Back to books. I read fantasy and science fiction about as fast as I could get through it, including Terry Brooks, Fred Saberhagen, Edgar Rice Burroughs, Ray Bradbury, and more. Meanwhile I was also developing a love of “classic” literature, aided in no small part by the fact that I already loved classic poetry, and I figured that if old, dead poets had something valuable to say then old, dead authors probably did too, even if their books didn’t have dragons in them. So I read Charles Dickens, and Nathanial Hawthorne, and Harper Lee, and Mark Twain, and finally Joseph Conrad—and it was Conrad, at long last, who ignited my love of dark fiction. You see, for all my reading I’ve never really read a lot of “traditional” horror, but through Joseph Conrad’s “Heart of Darkness” I discovered this very dark, very bleak side of literature that for some reason I responded to powerfully. I don’t know why, I just did—there was a kind of epic grandeur to it, some level of tragedy that just hit all the right buttons for me. I wanted to read more stuff like it, but I was leery of horror fiction because I assumed (mistakenly) that it was all just slasher movie stuff. With horror off my radar, and so much of fantasy perpetually cheery (though I did read quite a bit of Michael Moorcock), I turned back to the classics for my fix of darkness: I read more Conrad, I discovered Lovecraft, and by happy chance I found a deep well of darkness in French and Russian literature, in everything from Crime and Punishment to The Hunchback of Notre Dame. I still thought I wanted to be a fantasy writer, because that’s how I had defined myself in my head, but it was the classic themes of human obsession, misanthropy, and self destruction that eventually came to define my writing. Dragons are cool and all, but who needs a dragon when humans can do such horrible things to themselves? I latched onto serial killers and true crime essays, and when I finally started to read modern horror it was through the psychological side-door of Thomas Harris and “The Silence of the Lambs.”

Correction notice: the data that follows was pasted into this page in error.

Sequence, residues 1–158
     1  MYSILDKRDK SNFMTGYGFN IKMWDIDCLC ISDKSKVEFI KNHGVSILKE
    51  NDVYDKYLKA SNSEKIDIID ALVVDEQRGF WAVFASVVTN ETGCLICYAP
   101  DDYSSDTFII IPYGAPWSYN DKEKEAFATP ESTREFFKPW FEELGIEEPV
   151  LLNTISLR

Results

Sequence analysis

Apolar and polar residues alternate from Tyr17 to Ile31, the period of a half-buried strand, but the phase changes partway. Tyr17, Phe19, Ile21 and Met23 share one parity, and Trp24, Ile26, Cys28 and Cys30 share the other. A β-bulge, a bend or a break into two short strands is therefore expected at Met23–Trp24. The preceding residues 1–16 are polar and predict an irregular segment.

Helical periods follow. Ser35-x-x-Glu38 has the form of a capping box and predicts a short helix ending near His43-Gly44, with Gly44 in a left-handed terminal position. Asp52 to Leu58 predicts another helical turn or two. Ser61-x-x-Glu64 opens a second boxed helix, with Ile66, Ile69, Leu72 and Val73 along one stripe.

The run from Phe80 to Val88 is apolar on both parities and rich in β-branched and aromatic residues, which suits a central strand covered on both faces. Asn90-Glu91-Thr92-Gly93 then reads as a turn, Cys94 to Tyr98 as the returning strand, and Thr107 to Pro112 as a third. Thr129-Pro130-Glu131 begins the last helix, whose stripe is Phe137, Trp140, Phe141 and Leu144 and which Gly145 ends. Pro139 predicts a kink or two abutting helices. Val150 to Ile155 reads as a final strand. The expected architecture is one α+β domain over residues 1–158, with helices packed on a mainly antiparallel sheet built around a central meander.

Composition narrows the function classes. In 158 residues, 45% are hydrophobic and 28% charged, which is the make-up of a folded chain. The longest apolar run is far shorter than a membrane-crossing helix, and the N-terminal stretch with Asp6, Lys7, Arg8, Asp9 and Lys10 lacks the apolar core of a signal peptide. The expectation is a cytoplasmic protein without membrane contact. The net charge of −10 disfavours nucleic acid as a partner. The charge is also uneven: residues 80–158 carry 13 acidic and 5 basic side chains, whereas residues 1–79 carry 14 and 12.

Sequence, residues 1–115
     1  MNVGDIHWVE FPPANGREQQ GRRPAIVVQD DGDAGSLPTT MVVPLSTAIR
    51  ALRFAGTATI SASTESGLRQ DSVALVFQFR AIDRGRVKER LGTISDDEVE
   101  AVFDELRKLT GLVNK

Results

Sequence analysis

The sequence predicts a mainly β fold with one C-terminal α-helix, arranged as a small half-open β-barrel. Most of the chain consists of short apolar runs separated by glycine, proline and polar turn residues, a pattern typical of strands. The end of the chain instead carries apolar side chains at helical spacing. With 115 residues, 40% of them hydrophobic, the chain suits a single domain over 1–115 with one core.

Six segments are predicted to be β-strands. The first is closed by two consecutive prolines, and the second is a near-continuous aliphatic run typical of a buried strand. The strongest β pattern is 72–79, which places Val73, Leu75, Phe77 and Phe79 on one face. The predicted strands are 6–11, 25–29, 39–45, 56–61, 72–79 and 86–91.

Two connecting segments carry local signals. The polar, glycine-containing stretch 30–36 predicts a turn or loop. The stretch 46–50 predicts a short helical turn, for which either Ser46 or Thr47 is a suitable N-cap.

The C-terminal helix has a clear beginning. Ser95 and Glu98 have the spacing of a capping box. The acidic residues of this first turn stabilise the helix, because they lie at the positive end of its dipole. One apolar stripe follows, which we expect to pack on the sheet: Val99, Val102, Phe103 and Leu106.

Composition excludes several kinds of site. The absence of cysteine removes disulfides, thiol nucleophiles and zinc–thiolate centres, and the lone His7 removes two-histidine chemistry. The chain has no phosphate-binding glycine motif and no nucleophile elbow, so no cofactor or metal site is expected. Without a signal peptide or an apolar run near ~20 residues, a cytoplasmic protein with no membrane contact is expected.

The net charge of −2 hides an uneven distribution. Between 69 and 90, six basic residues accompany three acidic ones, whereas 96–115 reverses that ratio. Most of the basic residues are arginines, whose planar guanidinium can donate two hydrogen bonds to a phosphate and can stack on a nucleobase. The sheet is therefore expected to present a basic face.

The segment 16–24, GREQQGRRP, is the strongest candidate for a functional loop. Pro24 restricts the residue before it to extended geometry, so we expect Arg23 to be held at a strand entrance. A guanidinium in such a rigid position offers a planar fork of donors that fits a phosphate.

Which brings us, by a long and twisty road, to “I Am Not a Serial Killer.” It’s got a bit of everything: human weakness, supernatural terror, and even a snippet of poetry here and there (quoted from others; I won’t subject you to my own). I hope you like it.

As you can see in my bio, I’ve listed five of my favorite books. Next week we’ll go through all five and talk about why each one is so awesome.


Wednesday, February 25th, 2009

John Cleaver, the main character of my books, has created a MySpace account. His therapist thought it would be good for him, and, frankly, Internet predators who find him online are in way over their heads. His page isn’t much to look at yet, but he’ll be building it up as he goes. If you’re interested, you can find him here:

Storymakers Conference and The Whitney Awards

Wednesday, February 25th, 2009

Everytime I hear the word “storymakers” I imagine a bunch of tiny LDS authors in Santa’s workshop, hunched over a table and banging on stories with tiny hammers. Nevertheless, the Storymakers are awesome, and my good friend Stacy Whitman is a keynote speaker, so I will be there with bells on (probably on my hat, to complete the elf theme). The highlight of the weekend, though, will no doubt be the Whitney Awards on Saturday night; they hit this out of the park last year, and the nominees this year are awesome, so I’m really looking forward to it.